(Bloomberg) -- Andy Hall, one of the most successful oil traders of his generation, is now predicting the biggest shift yet in the global market: the end of demand growth.
While the view may not be original, it underscores the gloomy forecast earlier this week from the Paris-based International Energy Agency saying that global oil consumption will plateau in about a decade. The prospect of “peak demand” would end an expansion that dominated the past century and comes as investors and governments face pressure to move away from fossil-fuel-based economies.
“There’s a non-zero chance that by 2030, we will see a plateauing or decline in global oil consumption,” the former hedge fund manager said at an industry event in New York. “It’ll happen because of technology, electric cars, renewable energy.”
Even as new oil supplies from places including the U.S., Brazil, Norway and Guyana soar, there’s growing concern from the oil and gas industry that it’s running up against a shift in energy consumption. That transition will increasingly limit its ability to make ends meet, with some shale firms and oil-service providers already struggling or going under.
“Oil demand has grown exponentially since the end of World War II,” Hall said at the event, which was organized by Orbital Insight and RBC Capital Markets. “It was just a given that oil consumption would grow from here to eternity. Except we knew logically that couldn’t happen.”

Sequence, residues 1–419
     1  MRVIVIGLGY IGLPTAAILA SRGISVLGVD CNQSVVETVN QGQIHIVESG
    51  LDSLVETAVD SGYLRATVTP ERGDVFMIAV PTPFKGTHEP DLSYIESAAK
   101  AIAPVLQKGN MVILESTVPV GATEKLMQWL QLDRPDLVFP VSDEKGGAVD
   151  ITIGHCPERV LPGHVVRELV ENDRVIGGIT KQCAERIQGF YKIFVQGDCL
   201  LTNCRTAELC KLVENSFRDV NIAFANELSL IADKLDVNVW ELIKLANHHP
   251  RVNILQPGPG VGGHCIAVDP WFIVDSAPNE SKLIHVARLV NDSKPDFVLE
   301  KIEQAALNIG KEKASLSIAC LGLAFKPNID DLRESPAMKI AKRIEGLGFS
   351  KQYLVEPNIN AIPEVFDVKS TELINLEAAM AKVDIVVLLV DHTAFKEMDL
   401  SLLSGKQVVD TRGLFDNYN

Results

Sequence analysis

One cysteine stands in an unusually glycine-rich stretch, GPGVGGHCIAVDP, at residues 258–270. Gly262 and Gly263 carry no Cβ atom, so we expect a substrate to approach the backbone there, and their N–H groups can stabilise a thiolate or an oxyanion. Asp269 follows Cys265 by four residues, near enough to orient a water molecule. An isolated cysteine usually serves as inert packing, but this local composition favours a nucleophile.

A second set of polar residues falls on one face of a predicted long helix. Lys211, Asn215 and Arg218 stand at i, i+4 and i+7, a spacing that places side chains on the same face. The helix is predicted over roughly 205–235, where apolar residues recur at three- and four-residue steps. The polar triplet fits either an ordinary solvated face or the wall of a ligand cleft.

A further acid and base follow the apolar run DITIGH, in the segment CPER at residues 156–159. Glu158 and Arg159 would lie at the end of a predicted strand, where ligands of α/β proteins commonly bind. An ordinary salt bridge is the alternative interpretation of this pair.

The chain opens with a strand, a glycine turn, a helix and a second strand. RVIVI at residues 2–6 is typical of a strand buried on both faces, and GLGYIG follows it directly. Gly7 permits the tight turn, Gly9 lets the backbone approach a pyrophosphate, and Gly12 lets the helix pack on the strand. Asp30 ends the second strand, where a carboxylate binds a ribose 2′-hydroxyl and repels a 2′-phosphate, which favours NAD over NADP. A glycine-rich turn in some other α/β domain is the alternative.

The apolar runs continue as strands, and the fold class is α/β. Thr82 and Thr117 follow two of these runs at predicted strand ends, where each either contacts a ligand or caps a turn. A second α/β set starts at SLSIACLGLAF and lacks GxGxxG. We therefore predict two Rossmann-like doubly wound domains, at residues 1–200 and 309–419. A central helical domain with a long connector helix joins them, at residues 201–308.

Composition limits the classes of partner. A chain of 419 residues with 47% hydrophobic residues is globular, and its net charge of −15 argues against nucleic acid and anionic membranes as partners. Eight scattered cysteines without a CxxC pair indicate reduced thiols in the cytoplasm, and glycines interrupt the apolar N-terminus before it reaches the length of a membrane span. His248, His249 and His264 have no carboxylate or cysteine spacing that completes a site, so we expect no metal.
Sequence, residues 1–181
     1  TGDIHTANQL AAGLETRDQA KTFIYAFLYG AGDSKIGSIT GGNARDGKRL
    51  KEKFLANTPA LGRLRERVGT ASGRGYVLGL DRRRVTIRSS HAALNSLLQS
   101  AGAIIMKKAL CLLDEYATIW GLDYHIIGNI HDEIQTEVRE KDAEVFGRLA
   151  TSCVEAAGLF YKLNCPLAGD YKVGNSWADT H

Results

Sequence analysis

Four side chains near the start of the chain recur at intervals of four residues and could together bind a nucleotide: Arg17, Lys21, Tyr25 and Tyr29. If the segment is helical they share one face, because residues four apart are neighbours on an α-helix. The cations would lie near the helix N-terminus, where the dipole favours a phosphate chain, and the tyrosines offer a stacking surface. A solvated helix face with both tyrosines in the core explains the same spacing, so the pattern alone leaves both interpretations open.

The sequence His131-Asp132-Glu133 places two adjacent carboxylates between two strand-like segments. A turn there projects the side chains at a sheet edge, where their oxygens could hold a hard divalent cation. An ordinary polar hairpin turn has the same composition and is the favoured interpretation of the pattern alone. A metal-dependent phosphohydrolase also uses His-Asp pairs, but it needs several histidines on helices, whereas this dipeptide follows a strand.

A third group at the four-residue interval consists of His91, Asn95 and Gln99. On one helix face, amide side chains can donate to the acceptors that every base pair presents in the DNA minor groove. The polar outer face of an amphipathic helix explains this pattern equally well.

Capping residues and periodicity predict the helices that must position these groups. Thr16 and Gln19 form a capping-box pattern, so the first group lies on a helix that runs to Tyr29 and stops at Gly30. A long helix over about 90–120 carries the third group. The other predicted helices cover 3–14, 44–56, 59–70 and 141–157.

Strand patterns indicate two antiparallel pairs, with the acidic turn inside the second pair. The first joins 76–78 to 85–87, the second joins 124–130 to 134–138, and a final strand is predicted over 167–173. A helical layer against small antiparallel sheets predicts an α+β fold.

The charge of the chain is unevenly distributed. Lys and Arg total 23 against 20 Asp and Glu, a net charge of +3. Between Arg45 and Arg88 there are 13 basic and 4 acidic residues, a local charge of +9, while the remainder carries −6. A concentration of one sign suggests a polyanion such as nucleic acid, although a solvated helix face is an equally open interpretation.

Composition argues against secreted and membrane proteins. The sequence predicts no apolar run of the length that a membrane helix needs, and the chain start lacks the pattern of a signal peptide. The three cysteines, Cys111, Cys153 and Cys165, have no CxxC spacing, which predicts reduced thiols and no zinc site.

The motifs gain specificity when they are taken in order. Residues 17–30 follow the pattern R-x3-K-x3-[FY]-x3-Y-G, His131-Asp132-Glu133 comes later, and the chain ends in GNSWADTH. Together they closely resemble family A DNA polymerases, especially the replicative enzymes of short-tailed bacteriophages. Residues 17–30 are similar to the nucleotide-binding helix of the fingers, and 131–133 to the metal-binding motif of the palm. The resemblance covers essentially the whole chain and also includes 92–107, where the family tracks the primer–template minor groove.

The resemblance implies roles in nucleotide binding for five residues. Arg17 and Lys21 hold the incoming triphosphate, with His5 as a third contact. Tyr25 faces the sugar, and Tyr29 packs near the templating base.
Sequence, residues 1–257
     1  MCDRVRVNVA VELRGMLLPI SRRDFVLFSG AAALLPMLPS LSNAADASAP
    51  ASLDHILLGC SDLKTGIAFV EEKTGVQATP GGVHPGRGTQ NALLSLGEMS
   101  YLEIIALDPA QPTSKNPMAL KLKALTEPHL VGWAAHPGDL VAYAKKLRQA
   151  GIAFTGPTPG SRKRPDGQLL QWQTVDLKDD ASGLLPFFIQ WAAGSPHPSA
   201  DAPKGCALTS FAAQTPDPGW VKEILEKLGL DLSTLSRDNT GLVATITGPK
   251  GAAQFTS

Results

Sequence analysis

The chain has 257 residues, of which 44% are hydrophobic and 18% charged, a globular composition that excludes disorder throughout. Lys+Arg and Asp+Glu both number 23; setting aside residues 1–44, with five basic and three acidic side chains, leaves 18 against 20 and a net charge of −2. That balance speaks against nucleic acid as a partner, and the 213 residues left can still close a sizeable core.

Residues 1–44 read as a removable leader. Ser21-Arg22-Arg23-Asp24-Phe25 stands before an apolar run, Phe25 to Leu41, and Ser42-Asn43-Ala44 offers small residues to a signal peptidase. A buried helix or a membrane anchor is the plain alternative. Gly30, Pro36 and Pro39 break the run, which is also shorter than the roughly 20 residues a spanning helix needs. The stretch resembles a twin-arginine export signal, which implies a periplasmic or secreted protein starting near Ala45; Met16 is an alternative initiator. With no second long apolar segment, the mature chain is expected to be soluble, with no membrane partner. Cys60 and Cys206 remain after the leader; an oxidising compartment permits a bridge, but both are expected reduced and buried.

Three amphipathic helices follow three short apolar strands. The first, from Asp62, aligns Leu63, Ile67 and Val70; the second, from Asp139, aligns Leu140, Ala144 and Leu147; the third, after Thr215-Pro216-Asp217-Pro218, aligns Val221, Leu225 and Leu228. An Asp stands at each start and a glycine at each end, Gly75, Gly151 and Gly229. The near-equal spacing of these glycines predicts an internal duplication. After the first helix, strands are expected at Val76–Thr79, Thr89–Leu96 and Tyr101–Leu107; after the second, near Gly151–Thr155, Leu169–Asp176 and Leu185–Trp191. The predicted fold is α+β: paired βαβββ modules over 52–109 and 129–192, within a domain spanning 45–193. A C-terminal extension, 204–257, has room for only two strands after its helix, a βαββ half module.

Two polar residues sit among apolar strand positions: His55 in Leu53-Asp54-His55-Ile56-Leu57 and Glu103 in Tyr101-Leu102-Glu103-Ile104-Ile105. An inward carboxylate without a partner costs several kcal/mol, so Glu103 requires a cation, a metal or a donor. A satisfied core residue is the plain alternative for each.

Hall, speaking later in an interview, also said that solar and wind energy are already cheaper than coal.
“If the world fully transitions to renewable energy, what is the role of a fossil fuel company?” he said. “I think renewables is the new oil.”
Hall’s career stretches back to the 1970s and includes stints at oil major BP Plc and famed trading house Phibro Energy Inc. But he shot to fame during the global financial crisis when Citigroup Inc. revealed that, in a single year, he had a $100 million payout trading oil for the bank. In 2017, Hall closed down his Astenbeck Masters Commodities Fund II, a capitulation of one of the best-known figures in the commodities world.
He quoted Sheikh Ahmad Zaki Yamani, the former Saudi Arabian oil minister who famously said that the Stone Age didn’t come to an end for lack of stones, and the Oil Age will end long before the world runs out of oil.
Global benchmark Brent crude traded little changed at $62.33 a barrel at 8:58 a.m. New York time Friday. While prices are up about 16% this year, they are still well below lofty highs above $100 from earlier this decade.
“Could we see $100 oil again? Absolutely,” Hall told Bloomberg News. “That would only be temporary and hasten the ultimate demise.”
To contact the reporters on this story: Catherine Ngai in New York at email@example.com;Sheela Tobben in New York at firstname.lastname@example.org;Naureen S. Malik in New York at email@example.com
To contact the editors responsible for this story: Simon Casey at firstname.lastname@example.org, Pratish Narayanan, Joe Carroll
For more articles like this, please visit us at bloomberg.com
©2019 Bloomberg L.P.